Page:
Page:Sanskrit Grammar by Whitney p1.djvu/259
607. The Hindu grammarians reckon a tenth class or cur-class, having a class-sign áya added to a strengthened root (thus, coráya from √cur), and an inflection like that of the other a-stems. Since, however, this stem is not limited to the present-system, but extends also into the rest of the conjugation — while it also has to a great extent a causative value, and may be formed in that value from a large number of roots — it will be best treated in full along with the derivative conjugations (chap. XIV., 1041 ff.).
608. A small number of roots add in the present-system a ch, or substitute a ch for their final consonant, and form a stem ending in cha or chá, which is then inflected like any a-stem. This is historically, doubtless, a true class-sign, analogous with the rest; but the verbs showing it are so few, and in formation so irregular, that they are not well to be put together into a class, but may best be treated as special cases falling under the other classes.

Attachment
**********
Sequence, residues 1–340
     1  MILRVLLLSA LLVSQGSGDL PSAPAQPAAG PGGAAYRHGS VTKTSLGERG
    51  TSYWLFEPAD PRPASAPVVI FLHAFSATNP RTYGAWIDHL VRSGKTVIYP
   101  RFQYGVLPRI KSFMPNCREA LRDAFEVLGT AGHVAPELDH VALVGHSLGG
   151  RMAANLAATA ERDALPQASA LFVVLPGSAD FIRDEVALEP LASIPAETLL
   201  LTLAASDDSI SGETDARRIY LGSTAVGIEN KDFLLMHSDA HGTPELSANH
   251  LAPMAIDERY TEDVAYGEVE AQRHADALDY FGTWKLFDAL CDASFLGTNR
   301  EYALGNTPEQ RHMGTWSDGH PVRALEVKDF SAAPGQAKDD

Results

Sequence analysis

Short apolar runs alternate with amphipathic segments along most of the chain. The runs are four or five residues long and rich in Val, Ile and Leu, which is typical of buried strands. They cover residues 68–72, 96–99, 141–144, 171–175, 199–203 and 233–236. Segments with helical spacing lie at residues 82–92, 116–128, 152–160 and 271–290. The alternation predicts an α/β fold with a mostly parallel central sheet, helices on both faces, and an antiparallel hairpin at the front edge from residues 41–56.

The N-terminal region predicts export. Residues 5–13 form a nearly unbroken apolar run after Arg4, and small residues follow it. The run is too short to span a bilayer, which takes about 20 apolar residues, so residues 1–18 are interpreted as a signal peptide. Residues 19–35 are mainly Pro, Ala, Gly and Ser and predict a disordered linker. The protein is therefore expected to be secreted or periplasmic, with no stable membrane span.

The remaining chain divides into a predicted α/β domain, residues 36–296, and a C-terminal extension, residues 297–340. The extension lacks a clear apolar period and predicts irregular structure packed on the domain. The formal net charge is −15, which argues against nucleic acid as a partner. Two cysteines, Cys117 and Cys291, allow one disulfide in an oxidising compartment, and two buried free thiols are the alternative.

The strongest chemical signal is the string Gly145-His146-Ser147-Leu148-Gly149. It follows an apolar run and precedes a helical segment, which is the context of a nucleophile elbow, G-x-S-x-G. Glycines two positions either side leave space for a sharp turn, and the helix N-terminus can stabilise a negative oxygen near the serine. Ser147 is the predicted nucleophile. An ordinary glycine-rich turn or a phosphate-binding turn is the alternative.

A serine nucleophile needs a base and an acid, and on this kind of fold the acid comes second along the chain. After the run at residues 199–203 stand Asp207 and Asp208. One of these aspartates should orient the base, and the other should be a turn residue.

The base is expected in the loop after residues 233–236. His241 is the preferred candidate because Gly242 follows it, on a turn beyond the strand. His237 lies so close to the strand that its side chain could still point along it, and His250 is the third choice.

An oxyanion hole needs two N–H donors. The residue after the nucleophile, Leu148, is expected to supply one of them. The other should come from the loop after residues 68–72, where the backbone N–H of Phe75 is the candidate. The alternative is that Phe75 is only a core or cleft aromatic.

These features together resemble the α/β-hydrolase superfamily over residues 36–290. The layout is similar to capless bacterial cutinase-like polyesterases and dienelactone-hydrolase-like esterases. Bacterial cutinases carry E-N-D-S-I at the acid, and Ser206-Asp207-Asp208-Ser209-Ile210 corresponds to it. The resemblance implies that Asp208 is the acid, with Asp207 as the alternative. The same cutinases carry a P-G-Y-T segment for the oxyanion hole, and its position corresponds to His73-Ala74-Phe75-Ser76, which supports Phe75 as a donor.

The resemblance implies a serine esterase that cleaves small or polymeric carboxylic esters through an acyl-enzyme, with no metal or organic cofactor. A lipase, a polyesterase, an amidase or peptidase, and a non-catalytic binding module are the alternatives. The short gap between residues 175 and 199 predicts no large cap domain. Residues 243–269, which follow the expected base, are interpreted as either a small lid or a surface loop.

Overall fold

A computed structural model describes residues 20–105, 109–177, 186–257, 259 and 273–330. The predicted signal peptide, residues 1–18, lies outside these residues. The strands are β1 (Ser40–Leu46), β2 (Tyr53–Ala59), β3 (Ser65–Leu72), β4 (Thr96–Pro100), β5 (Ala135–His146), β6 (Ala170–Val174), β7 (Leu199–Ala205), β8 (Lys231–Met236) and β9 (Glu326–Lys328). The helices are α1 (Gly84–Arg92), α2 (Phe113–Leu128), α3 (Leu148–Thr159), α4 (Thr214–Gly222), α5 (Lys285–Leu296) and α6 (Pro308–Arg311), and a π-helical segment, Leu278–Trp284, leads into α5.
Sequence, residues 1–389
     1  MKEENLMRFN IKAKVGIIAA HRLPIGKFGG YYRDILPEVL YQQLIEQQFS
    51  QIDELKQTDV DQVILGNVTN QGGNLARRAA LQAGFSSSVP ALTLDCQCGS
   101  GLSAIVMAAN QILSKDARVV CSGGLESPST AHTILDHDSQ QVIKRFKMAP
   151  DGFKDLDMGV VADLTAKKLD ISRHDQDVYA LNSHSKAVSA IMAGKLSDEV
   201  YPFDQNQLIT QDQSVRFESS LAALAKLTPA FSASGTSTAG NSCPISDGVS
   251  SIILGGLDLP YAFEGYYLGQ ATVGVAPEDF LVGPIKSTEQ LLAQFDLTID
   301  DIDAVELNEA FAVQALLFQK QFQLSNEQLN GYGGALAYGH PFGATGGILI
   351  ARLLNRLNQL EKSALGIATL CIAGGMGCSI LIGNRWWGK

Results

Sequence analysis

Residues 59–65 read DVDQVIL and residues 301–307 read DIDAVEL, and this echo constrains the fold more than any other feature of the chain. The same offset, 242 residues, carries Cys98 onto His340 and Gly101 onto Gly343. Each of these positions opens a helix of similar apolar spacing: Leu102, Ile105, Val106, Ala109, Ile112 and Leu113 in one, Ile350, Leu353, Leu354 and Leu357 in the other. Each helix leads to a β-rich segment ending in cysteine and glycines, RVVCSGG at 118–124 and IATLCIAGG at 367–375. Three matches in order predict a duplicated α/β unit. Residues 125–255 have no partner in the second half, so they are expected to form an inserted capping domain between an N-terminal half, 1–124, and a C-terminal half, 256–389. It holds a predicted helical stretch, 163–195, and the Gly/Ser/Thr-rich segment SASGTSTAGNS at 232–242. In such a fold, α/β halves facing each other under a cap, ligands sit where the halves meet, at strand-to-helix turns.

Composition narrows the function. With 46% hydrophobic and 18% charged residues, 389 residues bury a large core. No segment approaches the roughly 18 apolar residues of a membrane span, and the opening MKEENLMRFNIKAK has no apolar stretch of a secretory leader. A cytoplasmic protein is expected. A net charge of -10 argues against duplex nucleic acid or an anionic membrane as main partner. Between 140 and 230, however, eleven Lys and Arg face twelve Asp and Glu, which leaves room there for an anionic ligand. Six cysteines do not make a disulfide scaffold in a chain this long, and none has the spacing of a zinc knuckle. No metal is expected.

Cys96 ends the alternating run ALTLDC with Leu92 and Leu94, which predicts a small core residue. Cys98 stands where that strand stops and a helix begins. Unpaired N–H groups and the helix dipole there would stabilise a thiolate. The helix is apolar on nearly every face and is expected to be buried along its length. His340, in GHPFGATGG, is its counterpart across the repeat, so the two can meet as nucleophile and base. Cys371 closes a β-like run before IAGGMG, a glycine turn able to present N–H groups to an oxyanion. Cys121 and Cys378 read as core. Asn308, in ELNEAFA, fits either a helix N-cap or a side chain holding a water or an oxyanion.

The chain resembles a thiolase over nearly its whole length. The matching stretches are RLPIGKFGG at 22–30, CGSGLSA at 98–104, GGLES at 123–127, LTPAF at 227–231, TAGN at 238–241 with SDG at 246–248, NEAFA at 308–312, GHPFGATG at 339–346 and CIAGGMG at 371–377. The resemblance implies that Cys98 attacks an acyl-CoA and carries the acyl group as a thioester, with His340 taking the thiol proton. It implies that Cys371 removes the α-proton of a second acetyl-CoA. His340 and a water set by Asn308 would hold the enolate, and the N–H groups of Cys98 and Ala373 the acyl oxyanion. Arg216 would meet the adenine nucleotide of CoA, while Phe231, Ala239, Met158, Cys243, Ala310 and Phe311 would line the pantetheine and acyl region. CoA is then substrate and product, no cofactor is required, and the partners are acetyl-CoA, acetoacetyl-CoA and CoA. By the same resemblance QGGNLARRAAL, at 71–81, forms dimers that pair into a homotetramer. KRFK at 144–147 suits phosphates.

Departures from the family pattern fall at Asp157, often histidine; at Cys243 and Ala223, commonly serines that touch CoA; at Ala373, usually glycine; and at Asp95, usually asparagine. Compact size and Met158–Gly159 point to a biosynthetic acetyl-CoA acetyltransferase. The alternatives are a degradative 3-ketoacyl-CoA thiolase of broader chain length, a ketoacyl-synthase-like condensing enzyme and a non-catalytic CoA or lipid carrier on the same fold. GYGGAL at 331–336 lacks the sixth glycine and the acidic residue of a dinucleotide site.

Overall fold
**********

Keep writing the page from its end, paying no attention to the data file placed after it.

a. Roots adding ch are ṛ and yu, which make the stems ṛcchá and yúccha.
b. Roots substituting ch for their final are iṣ, uṣ (or vas shine), gam, yam, which make the stems icchá, ucchá, gáccha, yáccha.
c. Of the so-called roots ending in ch, several are more or less clearly stems, whose use has been extended from the present to other systems of tenses.
609. Roots are not wholly limited, even in the later language, to one mode of formation of their present-stem, but are sometimes reckoned as belonging to two or more different conjugation-classes. And such variety of formation is especially frequent in the Veda, being exhibited by a considerable proportion of the roots there occurring; already in the Brāhmaṇas, however, a condition is reached nearly agreeing in this respect with the classical language. The different present-formations sometimes have differences of meaning; yet not more important ones than are often found belonging to the same formation, nor of a kind to show clearly a difference of value as originally belonging to the separate classes of presents. If anything of this kind is to be established, it must be from the derivative conjugations, which are separated by no fixed line from the present-systems.
610. We take up now the different classes, in the order in which they have been arranged above, to describe more in detail, and with illustration, the formation of their present-systems, and to notice the irregularities belonging under each class.
611. In this class there is no class-sign; the root itself is also present-stem, and to it are added directly the per-